There were a couple of good questions on my last blog entry about policy:
Can you compare and contrast policy with standards
How is governance tied to policy
How do you enforce policy
I'll try and answer them here...
When talking about standards, there are really two different types: industry standards and corporate standards. As far as corporate standards go (e.g. what platforms are allowed to be used, etc.), this is pretty closely aligned with policy. That is, the company has a policy that only the standard platforms will be used.
As for industry standards, the good thing about standards is that there are so many to choose from... when faced with conflicting standards, an organization should decide on the ones that are appropriate and make those the standards (again, the policy is that only those standards should be used).
SOA governance is often associated with schema policies, but in reality, SOA governance applies to all types of policies. Essentially governance is how you make sure policies are being followed.
Depending on the type of policy, there are different approaches to ensuring the policies are being enforced. For schema policies (which are really more "design time" than "runtime" policies) you can introduce a "checkpoint" into your development process that can't be avoided easily (e.g. at service rollout, when central IT gets involved in bringing online the production systems). As a part of this checkpoint, you validate that all schema policies are being followed. Of course, a checkpoint is a point-of-last-resort. It's wasteful to catch too many services at these checkpoints. So, it's best to use platforms and tools which make following the policies the path of least resistence (for example, by automatically filtering out options that are not allowed by corporate policies).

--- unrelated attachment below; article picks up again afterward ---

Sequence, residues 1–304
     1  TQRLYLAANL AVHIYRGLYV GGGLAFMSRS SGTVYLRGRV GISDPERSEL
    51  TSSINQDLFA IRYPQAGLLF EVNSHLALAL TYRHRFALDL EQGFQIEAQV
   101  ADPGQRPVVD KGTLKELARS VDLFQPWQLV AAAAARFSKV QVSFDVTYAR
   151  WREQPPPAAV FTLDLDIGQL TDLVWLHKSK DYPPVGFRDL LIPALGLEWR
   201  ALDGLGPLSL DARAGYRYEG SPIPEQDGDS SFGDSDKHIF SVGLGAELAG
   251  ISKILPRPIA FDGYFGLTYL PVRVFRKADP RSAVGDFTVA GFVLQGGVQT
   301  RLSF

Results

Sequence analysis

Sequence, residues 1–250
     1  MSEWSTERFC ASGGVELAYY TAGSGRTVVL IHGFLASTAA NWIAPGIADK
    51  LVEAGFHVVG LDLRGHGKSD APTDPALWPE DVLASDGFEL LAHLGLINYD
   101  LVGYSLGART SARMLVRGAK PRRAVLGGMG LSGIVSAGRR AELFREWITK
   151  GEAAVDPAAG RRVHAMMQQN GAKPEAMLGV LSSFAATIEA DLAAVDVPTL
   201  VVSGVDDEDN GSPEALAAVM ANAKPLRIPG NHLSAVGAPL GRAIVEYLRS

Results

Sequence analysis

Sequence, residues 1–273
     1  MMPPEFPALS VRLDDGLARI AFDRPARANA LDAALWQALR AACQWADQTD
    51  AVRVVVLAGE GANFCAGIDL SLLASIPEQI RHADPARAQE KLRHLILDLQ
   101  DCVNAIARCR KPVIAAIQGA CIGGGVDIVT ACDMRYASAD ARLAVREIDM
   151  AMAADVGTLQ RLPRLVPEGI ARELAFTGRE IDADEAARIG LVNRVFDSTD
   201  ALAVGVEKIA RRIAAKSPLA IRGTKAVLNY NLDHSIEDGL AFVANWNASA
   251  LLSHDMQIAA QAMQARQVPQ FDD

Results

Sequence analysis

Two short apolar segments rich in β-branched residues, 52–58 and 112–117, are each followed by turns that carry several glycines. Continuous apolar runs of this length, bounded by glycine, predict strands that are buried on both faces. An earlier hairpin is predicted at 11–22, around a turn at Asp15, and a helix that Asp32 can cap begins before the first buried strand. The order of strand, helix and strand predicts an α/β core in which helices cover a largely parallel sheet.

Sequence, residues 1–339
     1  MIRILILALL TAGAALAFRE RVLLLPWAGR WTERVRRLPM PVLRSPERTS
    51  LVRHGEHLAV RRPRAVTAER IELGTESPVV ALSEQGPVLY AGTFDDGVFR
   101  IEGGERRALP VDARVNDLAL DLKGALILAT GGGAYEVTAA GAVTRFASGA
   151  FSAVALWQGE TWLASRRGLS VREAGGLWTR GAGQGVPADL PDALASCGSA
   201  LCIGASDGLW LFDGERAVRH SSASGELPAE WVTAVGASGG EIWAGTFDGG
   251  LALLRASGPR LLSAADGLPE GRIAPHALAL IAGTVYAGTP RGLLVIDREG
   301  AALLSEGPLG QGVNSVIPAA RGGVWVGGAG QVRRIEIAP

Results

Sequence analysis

For communication and behavior policies, while these could certainly be hand coded into Web services and validated at the checkpoint, this is typically inefficient. It's often better to use infrastructure which will automatically enforce these policies for services. This not only reduces the development burden, but improves overall efficiency by allowing communication and behavior policies to be changed centrally, without having to version the services themselves.